We determined factors associated with serum sclerostin in 446 Afro-Caribbean family members. Age, weight, sex, diabetes and kidney function were associated with sclerostin. Sclerostin was heritable, and nine SNPs in the SOST gene region were associated with sclerostin. Variation in serum sclerostin is a heritable factor that is determined by both genetic and environmental factors. Introduction: Sclerostin, encoded by the SOST gene, is a Wnt inhibitor that regulates bone mineralization and is a candidate gene locus for osteoporosis. However, little is known about the genetic and non-genetic sources of inter-individual variation in serum sclerostin levels. Methods: Serum sclerostin was measured in 446 Afro-Caribbean men and women aged 18+ from seven large, multigenerational families (mean family size, 64; 3,840 relative pairs). Thirty-six common single nucleotide polymorphisms (SNP) were genotyped within a 100 kb region encompassing the gene encoding sclerostin (SOST). Genetic and non-genetic factors were tested for association with serum sclerostin. Results: Mean serum sclerostin was 41.3 pmol/l and was greater in men than in women (P < 0.05). Factors associated with higher serum sclerostin were increased age and body weight, male sex, diabetes and decreased glomerular filtration rate, which collectively accounted for 25.4 % of its variation. Residual genetic heritability of serum sclerostin was 0.393 (P < 0.0001). Nine SNPs reached nominal significance with sclerostin. Three of those nine SNPs represented independent association signals (rs851056, rs41455049 and rs9909172), which accounted for 7.8 % of the phenotypic variation in sclerostin, although none of these SNPs surpassed a Bonferroni correction for multiple comparisons. Conclusions: Serum sclerostin is a heritable trait that is also determined by environmental factors including age, sex, adiposity, diabetes and kidney function. Three independent common SNPs within the SOST region may collectively account for a significant proportion of the variation in serum sclerostin. © 2013 International Osteoporosis Foundation and National Osteoporosis Foundation.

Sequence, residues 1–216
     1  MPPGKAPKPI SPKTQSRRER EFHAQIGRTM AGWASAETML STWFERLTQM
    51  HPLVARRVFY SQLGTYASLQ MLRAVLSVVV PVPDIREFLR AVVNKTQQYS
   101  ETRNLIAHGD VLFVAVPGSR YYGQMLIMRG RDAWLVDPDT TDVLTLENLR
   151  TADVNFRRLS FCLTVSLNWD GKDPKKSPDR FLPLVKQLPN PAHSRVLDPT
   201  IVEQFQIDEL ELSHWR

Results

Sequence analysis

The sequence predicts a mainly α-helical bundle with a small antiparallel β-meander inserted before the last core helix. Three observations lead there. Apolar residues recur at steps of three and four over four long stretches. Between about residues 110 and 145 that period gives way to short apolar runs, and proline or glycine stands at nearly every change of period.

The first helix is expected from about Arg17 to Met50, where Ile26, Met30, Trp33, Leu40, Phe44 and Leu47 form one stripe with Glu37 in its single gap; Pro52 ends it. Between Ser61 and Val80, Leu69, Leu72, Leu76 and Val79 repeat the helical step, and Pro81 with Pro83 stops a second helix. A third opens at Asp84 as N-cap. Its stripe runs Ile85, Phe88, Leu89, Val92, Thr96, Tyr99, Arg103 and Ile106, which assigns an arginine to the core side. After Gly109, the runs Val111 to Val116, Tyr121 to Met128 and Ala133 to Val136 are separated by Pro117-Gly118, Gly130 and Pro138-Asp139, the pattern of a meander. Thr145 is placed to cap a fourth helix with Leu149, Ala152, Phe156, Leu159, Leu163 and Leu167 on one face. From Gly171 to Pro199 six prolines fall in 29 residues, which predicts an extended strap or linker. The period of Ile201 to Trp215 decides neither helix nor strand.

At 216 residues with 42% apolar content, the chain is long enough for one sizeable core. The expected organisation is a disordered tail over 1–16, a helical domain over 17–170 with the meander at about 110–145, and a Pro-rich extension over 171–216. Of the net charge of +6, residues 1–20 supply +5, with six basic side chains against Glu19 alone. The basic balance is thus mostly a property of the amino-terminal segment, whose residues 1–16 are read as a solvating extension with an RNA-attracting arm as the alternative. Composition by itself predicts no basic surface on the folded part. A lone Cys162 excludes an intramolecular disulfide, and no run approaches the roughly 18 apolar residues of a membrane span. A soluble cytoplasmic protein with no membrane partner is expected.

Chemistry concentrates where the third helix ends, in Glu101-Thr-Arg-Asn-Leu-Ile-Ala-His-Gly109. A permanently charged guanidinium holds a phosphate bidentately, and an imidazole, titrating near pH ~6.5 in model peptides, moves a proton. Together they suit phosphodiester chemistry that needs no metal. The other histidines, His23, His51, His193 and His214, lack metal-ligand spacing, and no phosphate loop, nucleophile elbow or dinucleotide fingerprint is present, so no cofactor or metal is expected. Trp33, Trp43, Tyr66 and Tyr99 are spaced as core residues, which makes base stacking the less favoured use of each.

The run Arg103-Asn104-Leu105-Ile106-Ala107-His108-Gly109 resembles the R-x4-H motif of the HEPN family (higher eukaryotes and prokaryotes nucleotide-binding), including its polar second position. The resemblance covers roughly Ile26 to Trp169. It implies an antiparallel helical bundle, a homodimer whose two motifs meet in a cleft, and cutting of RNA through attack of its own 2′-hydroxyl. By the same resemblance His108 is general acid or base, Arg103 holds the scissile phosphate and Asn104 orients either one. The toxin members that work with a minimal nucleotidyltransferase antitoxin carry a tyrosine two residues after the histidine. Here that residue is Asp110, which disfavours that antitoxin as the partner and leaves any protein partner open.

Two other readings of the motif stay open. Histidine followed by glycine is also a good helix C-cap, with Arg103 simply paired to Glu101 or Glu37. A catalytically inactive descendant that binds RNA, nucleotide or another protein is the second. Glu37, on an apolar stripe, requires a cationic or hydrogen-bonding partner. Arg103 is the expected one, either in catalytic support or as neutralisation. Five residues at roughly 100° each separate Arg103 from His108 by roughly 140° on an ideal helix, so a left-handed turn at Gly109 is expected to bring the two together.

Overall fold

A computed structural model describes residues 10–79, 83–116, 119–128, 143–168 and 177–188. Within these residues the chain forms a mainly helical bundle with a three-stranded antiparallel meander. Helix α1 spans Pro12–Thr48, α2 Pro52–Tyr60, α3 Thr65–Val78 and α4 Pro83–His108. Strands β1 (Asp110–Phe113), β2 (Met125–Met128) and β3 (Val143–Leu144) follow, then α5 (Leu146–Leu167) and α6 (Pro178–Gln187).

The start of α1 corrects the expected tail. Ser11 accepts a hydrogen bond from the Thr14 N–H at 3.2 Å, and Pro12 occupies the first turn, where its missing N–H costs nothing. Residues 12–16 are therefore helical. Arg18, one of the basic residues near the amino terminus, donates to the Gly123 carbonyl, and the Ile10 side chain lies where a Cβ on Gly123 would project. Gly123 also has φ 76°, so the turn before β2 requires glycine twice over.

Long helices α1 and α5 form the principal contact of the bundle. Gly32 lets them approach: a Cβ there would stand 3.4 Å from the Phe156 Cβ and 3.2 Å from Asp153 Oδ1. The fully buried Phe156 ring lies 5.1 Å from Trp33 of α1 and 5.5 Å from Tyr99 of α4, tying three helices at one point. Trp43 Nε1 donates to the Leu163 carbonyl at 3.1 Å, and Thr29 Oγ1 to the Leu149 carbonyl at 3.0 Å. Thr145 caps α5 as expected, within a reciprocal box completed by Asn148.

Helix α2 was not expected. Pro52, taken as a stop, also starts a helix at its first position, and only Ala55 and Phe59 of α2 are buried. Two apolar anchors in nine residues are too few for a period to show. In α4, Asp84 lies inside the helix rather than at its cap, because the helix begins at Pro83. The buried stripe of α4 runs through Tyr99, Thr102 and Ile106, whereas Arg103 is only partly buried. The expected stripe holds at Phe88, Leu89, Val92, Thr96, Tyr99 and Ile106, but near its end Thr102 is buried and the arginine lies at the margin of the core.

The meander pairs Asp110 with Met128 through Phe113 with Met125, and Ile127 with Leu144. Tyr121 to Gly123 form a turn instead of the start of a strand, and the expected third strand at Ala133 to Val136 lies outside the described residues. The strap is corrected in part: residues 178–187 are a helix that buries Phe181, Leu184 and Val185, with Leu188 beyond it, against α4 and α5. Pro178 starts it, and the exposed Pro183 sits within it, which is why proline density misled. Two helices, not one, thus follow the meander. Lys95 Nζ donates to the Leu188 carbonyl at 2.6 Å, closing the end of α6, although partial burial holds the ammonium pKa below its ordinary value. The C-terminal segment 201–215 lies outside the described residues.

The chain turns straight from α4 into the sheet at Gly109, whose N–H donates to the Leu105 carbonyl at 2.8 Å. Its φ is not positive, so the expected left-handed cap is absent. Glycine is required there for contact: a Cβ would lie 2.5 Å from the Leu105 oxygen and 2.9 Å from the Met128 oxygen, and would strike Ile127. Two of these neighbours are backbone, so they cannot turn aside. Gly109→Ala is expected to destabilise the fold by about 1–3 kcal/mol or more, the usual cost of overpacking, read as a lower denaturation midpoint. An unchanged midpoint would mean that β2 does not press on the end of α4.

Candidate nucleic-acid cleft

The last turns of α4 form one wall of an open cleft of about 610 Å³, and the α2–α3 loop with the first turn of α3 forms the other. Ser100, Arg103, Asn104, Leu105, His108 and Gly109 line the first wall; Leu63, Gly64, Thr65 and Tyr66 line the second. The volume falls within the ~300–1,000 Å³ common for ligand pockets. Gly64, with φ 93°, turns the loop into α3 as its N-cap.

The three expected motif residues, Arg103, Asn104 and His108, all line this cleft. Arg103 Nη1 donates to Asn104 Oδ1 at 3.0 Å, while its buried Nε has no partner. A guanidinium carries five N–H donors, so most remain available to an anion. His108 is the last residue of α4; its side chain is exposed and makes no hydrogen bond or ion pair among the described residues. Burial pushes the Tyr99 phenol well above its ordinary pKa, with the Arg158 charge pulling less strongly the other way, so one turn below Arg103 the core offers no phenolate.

Sheu Y.,University of Pittsburgh | Cauley J.A.,University of Pittsburgh | Patrick A.L.,Tobago Health Studies Office | Wheeler V.W.,Tobago Health Studies Office | And 2 more authors.
Journal of Bone and Mineral Research | Year: 2014